Taboo writer updates fans with series two progress – and reveals how he wants the Tom Hardy drama to end
Writer Steven Knight says that the scripts are "almost completed" ahead of the anticipated return of the BBC drama
The show followed adventurer James Delaney (Tom Hardy), as he stalked 19th-century London in a bid to claim his inheritance from his late father.
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While the eight-part series proved a breakout hit for BBC1 in early 2017, little has been said about the confirmed second series – until now.
Series creator Knight has confirmed that the scripts for series two are almost completed, and that he hopes that the drama will go into production in late 2019 or early 2020.
He then added that the current plan is to do a total of three series, all made up of eight hour-long episodes.
Speaking to Collider to promote his latest project Serenity, the 60-year-old explained, “If we all stick with it and we all want to keep doing it, it would be three [series]. That’s my plan.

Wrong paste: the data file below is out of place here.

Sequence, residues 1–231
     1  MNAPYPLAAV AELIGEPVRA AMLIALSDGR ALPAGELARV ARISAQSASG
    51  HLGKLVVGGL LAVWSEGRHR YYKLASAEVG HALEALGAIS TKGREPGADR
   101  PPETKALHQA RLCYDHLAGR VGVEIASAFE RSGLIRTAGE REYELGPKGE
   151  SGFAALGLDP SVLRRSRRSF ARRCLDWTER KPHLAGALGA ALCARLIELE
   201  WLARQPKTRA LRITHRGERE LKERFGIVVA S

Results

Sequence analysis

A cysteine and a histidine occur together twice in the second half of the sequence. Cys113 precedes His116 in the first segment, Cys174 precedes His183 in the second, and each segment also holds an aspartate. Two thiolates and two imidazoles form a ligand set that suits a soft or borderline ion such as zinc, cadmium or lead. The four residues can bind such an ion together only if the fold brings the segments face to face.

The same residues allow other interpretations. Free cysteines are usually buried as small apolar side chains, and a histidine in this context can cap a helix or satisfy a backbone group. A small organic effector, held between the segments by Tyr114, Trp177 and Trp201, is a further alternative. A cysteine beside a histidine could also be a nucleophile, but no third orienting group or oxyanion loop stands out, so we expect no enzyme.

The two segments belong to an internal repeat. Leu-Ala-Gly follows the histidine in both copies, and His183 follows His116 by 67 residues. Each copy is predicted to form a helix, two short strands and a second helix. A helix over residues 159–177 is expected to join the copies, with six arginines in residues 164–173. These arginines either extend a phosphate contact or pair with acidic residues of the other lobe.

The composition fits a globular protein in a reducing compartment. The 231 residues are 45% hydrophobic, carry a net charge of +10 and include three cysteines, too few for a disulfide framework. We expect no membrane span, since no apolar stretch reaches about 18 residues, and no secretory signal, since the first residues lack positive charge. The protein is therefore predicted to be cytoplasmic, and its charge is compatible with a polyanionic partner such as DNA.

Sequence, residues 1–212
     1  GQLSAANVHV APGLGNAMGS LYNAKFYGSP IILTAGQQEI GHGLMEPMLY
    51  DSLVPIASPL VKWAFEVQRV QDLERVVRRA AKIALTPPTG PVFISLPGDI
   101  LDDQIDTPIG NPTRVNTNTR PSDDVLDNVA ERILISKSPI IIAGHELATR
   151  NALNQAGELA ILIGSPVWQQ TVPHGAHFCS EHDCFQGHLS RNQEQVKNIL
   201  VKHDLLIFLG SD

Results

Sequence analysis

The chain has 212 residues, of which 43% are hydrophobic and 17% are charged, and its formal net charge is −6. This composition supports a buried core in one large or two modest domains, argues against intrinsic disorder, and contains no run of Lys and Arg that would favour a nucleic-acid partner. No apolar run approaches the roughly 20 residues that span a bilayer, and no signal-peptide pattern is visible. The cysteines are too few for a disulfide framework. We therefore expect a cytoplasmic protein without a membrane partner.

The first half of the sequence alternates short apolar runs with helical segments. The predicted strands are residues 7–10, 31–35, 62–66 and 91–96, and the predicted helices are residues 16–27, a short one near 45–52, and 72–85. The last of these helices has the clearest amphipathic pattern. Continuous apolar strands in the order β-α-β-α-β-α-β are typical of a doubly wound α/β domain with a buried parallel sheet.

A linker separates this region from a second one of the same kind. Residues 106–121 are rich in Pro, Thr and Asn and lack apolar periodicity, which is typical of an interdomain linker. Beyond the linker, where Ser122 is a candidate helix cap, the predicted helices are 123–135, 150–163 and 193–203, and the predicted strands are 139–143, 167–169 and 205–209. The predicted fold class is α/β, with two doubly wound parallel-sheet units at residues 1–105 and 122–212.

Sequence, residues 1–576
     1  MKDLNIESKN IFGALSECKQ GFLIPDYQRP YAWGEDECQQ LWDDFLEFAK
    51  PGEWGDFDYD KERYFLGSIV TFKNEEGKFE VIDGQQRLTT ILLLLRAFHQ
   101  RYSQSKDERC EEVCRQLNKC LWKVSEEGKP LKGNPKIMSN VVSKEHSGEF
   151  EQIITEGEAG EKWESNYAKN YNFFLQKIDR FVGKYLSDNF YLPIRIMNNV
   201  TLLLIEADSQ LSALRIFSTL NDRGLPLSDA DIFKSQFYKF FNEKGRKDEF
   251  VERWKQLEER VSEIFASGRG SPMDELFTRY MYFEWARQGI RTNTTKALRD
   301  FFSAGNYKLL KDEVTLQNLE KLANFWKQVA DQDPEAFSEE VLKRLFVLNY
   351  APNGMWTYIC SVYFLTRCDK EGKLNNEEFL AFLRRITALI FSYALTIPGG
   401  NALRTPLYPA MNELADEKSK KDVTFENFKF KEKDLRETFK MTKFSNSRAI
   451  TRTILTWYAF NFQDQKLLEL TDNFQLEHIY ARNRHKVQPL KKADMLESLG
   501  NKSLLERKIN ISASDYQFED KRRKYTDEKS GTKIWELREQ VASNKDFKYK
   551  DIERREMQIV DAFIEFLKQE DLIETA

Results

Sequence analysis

“I’ve got a geographical sort of route for the thing to take," he added. "It’s basically a journey west. I have a destination in mind, which is always nice to have if you’re setting off on this big journey, which is what writing three eight-hours is. It’s good to know where you’re headed.”
Taboo is not Knight’s first collaboration with Hardy: the pair previously worked together when Hardy guest starred in BBC drama Peaky Blinders as Alfie Solomons.
He also starred in Knight’s 2013 project Locke, a unique thriller which saw Hardy appear as the only on-screen actor, playing a character who races down to London to be at the birth of his child.
“Locke and Taboo came about because of each other," Knight said, "where I was invited to meet with Tom to talk about writing this thing, Taboo, and I was developing Locke.
“Tom was parking his car and I spoke to his manager and said, ‘Do you mind if I mention this project?’ so we did a deal where he would do Locke if I did Taboo.”
Knight added the partnership worked so well due to their sole focus on material.
“I think it works because we don’t socialise,” he said. "I think the relationship is totally about the work. The great thing about Tom is that’s his passion, the work. The acting. He’s not a fan of celebrity. But he just loves to act. He loves the process and the craft."
This article was originally published on 15 January 2019